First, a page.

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Body Checking in Minor Hockey

Jan 6, 2004 | Youth Safety

This archived article is from January 2004. Although every effort has been made to make sure the information presented is accurate, please note that it may contain information that is out-of-date.

An emotional debate is raging about Canada’s national sport. Should body checking be allowed in minor league hockey?

Hockey Canada recommends that body checking begin at age 11. In 2003, four of that Association’s 13 branches decided to allow checking for boys as young as nine years old. Hockey Canada set a condition that the branches must participate in a pilot study on the impact of body checking.

According to the Canadian Institute for Health Information, 8,000 people were treated for hockey related injuries in Ontario hospital emergency rooms in the 2002-2003 season. Based on this rate, more than 25,000 people were injured across the country. In 93 cases of the 8,000, the casualty was admitted to hospital, 15 directly to critical care units.

Among young hockey players (18 and under) 62 per cent of injuries were a result of checking. Injuries caused by body checks are most common in the 14 to 16 group, after players have been exposed to checking for several years. Seven per cent of the injured were girls and women, yet female hockey is exclusively non-contact.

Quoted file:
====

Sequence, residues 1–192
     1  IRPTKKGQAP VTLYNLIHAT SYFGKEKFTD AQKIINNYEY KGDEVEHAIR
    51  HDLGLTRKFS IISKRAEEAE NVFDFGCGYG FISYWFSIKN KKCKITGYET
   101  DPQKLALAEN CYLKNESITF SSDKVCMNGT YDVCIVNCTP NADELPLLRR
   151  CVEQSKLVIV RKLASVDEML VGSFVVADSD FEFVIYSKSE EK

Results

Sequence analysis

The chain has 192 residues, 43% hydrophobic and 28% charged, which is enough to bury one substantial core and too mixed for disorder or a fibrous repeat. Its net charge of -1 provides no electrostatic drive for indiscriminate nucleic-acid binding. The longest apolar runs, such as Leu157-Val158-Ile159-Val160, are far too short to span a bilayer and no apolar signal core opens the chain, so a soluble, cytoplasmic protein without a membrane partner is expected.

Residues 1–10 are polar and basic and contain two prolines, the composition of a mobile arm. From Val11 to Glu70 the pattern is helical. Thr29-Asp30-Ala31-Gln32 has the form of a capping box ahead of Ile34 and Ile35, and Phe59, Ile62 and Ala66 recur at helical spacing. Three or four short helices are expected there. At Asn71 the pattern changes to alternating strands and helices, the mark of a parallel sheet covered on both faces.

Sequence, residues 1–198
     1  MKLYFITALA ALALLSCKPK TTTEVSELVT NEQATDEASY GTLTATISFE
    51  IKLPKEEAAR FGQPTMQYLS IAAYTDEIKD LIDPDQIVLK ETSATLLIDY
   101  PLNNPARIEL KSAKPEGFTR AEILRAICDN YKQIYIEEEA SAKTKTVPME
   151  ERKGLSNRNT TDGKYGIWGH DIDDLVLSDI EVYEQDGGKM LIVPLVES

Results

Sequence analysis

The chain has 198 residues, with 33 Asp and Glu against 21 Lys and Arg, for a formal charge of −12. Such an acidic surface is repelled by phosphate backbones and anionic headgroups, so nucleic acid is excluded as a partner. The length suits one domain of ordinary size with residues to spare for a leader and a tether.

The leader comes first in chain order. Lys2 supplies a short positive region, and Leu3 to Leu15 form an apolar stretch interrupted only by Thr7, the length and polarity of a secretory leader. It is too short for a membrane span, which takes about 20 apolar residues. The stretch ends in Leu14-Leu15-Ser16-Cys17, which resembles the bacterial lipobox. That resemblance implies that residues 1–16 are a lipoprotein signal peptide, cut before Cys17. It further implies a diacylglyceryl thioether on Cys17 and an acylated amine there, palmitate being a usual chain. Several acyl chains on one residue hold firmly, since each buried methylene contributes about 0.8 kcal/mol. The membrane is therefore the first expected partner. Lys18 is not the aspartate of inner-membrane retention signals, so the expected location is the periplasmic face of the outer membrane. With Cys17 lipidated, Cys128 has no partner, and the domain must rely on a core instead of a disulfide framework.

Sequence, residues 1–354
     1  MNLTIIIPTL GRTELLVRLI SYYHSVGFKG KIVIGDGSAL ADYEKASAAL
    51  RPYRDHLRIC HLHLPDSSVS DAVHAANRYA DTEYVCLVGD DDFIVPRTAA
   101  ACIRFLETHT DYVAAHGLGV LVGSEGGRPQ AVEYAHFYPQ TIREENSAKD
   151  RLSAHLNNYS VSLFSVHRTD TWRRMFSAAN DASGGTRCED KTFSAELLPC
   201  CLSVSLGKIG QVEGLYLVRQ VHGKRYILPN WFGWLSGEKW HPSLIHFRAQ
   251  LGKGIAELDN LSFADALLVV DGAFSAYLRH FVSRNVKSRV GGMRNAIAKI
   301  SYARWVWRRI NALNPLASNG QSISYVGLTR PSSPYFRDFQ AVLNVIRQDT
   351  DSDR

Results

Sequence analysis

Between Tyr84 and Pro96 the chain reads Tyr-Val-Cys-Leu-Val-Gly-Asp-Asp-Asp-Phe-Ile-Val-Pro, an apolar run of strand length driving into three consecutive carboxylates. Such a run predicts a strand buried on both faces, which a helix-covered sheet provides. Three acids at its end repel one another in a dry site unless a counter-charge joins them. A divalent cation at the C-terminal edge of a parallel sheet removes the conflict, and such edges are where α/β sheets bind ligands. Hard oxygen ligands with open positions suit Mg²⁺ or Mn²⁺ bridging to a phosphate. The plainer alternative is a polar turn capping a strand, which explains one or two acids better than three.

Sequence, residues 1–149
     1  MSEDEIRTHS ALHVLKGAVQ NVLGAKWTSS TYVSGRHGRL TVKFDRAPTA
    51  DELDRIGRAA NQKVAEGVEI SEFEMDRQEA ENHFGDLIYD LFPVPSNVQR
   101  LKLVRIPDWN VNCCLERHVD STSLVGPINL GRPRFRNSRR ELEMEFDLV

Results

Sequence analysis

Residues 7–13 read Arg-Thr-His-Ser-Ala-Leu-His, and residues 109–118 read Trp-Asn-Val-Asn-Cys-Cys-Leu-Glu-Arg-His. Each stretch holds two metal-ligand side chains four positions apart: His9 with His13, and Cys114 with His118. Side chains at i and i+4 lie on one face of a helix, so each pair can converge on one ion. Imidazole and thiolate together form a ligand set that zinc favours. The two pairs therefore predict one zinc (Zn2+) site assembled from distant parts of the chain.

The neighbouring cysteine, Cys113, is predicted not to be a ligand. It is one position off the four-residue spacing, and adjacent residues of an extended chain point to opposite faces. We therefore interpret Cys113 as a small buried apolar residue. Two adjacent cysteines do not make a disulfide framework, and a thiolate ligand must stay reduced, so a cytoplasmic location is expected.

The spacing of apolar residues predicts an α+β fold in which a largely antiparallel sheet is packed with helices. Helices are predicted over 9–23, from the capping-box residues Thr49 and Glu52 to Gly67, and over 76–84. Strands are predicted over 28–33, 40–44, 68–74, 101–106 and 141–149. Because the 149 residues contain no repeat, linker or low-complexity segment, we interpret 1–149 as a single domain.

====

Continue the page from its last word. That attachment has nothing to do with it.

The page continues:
The decision to allow body checking in minor hockey could jeopardize our national sport by turning it into our most dangerous game.

Allowing atom players to check will drive young boys away from the game. The main reason kids play any sport is for fun. Hitting and the risk of serious injuries remove the motivation.

Any branch that permits body checking for young children must consider its exposure to legal liability. Checking is inherently dangerous with potentially catastrophic results. Claims for spinal cord injuries and concussions from checking send insurance rates skyrocketing.

Minor hockey is a better game to watch and play without body checking. When players concentrate on skating, shooting, passing and teamwork the quality of the game improves. If players skate well, the other skills become academic.